The Mouse That Roared (film)

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The Mouse That Roared
The Mouse That Roared British Poster.jpg
Original British quad format film poster
Directed by Jack Arnold
Produced by Walter Shenson
Written by Leonard Wibberley
Screenplay by Roger MacDougall
Stanley Mann
Based on The Mouse That Roared
Starring Peter Sellers
Jean Seberg
William Hartnell
Music by Edwin Astley
Cinematography John Wilcox
Edited by Raymond Poulton
Highroad Productions
Distributed by Columbia Pictures
Release date(s)
  • 17 July 1959 (1959-07-17) (UK)
Running time 83 minutes
Country United Kingdom
Language English
Box office $2,000,000 (US & Canada)[1]

The Mouse That Roared is a 1959 British satirical Eastman Color comedy film based on the 1955 novel The Mouse That Roared by Leonard Wibberley. It stars Peter Sellers in three roles: Duchess Gloriana XII; Count Rupert Mountjoy, the Prime Minister; and Tully Bascomb, the military leader. It also co-stars Jean Seberg. The film was directed by Jack Arnold, and the screenplay was written by Roger MacDougall and Stanley Mann.

Plot summary[edit]

The economy of the teeny-tiny European duchy of Grand Fenwick (which measures 3 by 5 bowshots) is threatened when an American manufacturer comes up with a similarly-named imitation of Fenwick's sole export, its fabled Pinot Grand Fenwick wine. Crafty prime minister Count Mountjoy (Peter Sellers) comes up with a plan: Grand Fenwick will declare war on the United States. Grand Duchess Gloriana (Peter Sellers again) is hesitant: how can meek little Grand Fenwick win such a conflict? Mountjoy explains that the plan is to lose the war, then rely upon American foreign aid to replenish Grand Fenwick's treasury.[2] Unfortunately for Grand Fenwick, Tully Bascome, the Duchy's general, captures Dr. Alfred Kokintz, his invention the Q Bomb, and Kokintz's daughter...and wins the war!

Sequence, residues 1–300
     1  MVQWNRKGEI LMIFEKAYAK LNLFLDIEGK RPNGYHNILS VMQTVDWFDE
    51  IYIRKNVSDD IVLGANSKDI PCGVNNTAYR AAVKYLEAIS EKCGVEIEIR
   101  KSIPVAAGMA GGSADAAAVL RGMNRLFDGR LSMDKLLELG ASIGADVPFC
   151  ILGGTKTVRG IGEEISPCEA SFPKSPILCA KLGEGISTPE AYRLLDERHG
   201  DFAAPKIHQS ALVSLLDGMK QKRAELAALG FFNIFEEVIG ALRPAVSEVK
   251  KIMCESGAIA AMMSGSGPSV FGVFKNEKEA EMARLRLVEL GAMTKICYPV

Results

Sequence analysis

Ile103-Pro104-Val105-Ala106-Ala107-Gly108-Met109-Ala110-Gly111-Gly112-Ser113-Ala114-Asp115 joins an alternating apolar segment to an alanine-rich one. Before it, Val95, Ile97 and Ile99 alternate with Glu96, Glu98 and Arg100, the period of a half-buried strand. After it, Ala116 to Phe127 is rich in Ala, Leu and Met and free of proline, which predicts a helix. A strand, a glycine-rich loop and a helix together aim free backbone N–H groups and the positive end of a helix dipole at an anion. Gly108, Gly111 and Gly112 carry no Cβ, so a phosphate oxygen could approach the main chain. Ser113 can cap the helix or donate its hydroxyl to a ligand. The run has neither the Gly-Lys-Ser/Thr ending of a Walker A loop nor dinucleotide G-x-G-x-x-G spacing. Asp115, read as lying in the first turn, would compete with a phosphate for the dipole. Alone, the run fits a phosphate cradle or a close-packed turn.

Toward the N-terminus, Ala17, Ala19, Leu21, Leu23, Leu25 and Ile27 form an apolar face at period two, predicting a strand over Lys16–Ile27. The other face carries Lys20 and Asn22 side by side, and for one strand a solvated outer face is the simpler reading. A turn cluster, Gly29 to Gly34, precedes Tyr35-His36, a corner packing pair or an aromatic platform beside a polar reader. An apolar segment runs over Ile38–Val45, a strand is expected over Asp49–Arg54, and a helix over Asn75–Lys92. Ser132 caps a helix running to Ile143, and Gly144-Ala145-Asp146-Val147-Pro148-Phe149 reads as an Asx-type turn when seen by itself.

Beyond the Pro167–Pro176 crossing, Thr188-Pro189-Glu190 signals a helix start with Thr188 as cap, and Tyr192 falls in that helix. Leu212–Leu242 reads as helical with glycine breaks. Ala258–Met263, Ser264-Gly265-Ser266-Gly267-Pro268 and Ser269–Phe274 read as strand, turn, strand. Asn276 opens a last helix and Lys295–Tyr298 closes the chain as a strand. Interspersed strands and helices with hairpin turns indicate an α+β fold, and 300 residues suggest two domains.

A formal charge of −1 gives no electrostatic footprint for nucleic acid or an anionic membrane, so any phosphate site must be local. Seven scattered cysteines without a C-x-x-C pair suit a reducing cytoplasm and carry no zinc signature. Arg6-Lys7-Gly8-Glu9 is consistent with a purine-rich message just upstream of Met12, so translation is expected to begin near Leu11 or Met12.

Liberties were taken in the film adaptation to display Peter Sellers' versatile comedic talents. The lead character of the book is the Duchess Gloriana XII, an attractive young royal in the manner of the young Queen Elizabeth II and Princess Grace of Monaco. In the film version, however, Peter Sellers plays the role as a parody of an elderly Queen Victoria (who thinks the President of the United States is Calvin Coolidge), whilst his Mountjoy is a parody of Benjamin Disraeli. The Marseilles and New York harbour sequences were filmed in Southampton, England. The presence of the RMS Queen Elizabeth ocean liner there was a lucky coincidence. In addition, in the novel an encounter with the New York Police Department leads to bloodshed that complicates peace negotiations. This does not appear in the movie. In addition, both Tully and Helen are with Dr. Kokintz when he discovers the bomb is a dud and it is Tully who suggests that they keep that fact a secret. However, a mouse emerges from the bomb's casing and it apparently resumes its normal function as an active weapon. At this, the film displays the title, "The End... We hope."

As there is no actual mouse in the film, title designer Maurice Binder added one in a classic opening joke with the Columbia Pictures logo and a return of the mouse in the last scene.

One scene has diplomats playing a board game called Diplomacy, although the game more resembles Monopoly rather than the game Diplomacy.


Television pilot[edit]

In 1964 Jack Arnold obtained exclusive television rights for The Mouse That Roared from Leonard Wibberley.[3] He produced and directed[4] a colour television pilot with ABC Television and Screen Gems called The Mouse That Roared, starring Sid Caesar as the Duchess, Mountjoy and Tully. It co-starred Joyce Jameson, Sigrid Valdis and Richard Deacon. However, the pilot was not picked up for production.[5] It was filmed by Richard H. Kline.[6]


Richard Lester directed a sequel, The Mouse on the Moon in 1963.


  1. ^ "Rental Potentials of 1960", Variety, 4 January 1961 p 47. Please note figures are rentals as opposed to total gross.
  2. ^
  3. ^ Reemes, Dana M. Directed by Jack Arnold McFarland, 1988. p.140
  4. ^
  5. ^
  6. ^

External links[edit]